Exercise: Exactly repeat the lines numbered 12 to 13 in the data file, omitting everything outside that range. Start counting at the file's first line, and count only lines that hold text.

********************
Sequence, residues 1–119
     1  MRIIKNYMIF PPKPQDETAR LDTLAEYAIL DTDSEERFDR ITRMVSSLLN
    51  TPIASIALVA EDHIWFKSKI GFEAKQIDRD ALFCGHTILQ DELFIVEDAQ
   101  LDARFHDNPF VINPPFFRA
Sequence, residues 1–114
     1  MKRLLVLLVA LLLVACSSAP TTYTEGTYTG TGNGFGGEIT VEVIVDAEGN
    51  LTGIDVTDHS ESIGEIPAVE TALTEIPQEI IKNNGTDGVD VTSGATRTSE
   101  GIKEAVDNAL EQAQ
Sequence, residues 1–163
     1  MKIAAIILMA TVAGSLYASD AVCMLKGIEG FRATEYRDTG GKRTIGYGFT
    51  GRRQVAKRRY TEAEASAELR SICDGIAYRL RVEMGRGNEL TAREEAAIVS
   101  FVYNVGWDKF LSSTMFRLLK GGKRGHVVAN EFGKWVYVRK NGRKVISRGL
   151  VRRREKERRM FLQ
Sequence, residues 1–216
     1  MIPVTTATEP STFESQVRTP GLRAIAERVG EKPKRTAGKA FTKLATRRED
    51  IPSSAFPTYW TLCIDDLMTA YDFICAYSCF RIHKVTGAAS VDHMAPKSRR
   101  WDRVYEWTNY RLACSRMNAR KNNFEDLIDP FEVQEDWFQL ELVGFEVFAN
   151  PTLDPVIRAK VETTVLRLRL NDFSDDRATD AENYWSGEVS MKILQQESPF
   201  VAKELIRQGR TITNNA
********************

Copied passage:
   101  FVYNVGWDKF LSSTMFRLLK GGKRGHVVAN EFGKWVYVRK NGRKVISRGL
   151  VRRREKERRM FLQ